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Thursday, 23 June 2011

Taxation – A Very Bad Thing

Two things are inevitable: Death and Taxes. It’s easier to make a case for Death than for taxes.

As Milton Friedman points out, there are four ways to spend money:

You can spend your money on yourself, in which case you will try to get the best quality for the lowest price.

You can spend other people’s money on yourself (eg business expenses), in which case you try to get good quality but you don’t care too much about price.

You can spend your money on other people, in which case you care about price but not so much on quality.

Finally, you can spend other people’s money on other people, in which case you don’t care much about price or quality

Government spends other people’s money on other people. They help themselves to taxpayers’ cash with an implied threat of violence in the case of resistance.

It costs money to collect taxes – your money. So, if the government wants a hundred pounds of your money, it has to collect more than a hundred pounds – to cover the cost of collecting it. So, you lose perhaps £150 or even £200.

It costs money to spend the tax take. All the officials who disburse the taxes have to be paid. So, to get £100 pounds worth of health care or education the government has to spend £300 or maybe much more.

The government spends your money cynically, almost always to benefit a particular group in society. It hopes that the particular group will vote for it at the next election. It disregards what you might have done with your money. It prevents you from spending it. So, you don’t get the benefit you might have had; nor do the tradesmen or merchants and their employees get the benefit of what you might have spent. It prevents you from saving it (ie investing it in enterprises which might create real wealth and employment).

It is as clear an example of unforeseen consequences as can be imagined. So, it stands to reason that societies that are lightly taxed will be happier and more prosperous than societies that are heavily taxed.

What is equally certain is that the quality of the health care or education that the government buys for you will be lower than that of health care or education that you buy for yourself. If you are able to shop around for these services, you will try to get the best possible value for money and providers will have a strong incentive to serve you well.

Another pernicious effect of government provided services is that they inevitably end by being run for the benefit of the providers. In Britain, public sector workers earn more in wages/salaries and pensions than do private sector workers, their trades unions being so powerful. We are about to witness strikes and demonstrations by public sector workers alarmed by the prospect of less generous entitlements. How long will it be before private sector workers wake up to the fact that they are paying for these generous entitlements. People without index-linked pensions should be livid that they are paying for the index-linked pensions of public sector workers, while at the same time their savings are being eroded by government created inflation.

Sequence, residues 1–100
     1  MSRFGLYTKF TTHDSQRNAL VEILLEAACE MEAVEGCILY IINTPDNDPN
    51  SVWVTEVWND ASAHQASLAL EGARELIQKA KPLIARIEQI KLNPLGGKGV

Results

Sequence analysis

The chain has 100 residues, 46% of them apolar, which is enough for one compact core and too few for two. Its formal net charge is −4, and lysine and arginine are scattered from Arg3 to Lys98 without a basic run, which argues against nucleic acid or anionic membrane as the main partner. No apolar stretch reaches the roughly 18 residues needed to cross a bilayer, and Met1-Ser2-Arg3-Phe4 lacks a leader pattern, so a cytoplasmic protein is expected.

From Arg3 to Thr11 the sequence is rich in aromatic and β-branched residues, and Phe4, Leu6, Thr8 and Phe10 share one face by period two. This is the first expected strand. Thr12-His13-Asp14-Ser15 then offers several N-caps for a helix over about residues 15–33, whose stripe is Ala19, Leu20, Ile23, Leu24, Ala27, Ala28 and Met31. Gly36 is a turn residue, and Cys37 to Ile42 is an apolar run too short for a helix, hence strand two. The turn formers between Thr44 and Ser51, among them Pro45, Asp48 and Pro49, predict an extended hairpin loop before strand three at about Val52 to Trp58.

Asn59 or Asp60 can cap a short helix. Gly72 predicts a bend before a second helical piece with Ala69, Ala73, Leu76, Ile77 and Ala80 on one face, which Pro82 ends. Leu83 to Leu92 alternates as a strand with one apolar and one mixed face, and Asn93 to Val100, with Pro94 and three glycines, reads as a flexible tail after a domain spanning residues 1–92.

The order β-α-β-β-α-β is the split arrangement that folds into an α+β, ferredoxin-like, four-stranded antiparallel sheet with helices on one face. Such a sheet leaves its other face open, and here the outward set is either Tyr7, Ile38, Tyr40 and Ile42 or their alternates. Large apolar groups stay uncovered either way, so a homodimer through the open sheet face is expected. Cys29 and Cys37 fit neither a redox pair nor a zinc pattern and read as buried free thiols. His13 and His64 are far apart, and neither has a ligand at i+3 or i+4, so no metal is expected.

It is a government conspiracy that we are so pitifully ignorant of simple economic truths. The fact is, of course, the state apparatus being as vast as it is, that we all belong to groups which at least occasionally benefit from government entitlements or benefits. This blinds us to the fact that we are all worse off as a society.

There is an almost universal perception that goods and services that are supplied from a profit motive are bad. This is the opposite of the truth. The profit motive (combined with competition) drives up quality and drives down prices. Regrettably, even our most highly educated (perhaps particularly they) are in thrall to this idiocy.

All this is not to say that all businessmen have pure motives. They don’t. They cheat whenever they think they can get away with it by campaigning for subsidies and regulations which benefit them.

We are fallen creatures. We would be better off with a cast-iron constitutional clause forbidding the government from passing any legislation which benefits any group over other groups. It’s illegal for me to mug you for my benefit. It should be just as illegal for the government to mug you for my benefit.

Should we care nothing for those who for no fault of their own are indigent? Clearly not. Charity has its place; but high taxes are a disincentive to charitable works. Taxes are a very bad thing. Perhaps, for the time being, a necessary evil – but evil nonetheless. The less the better.

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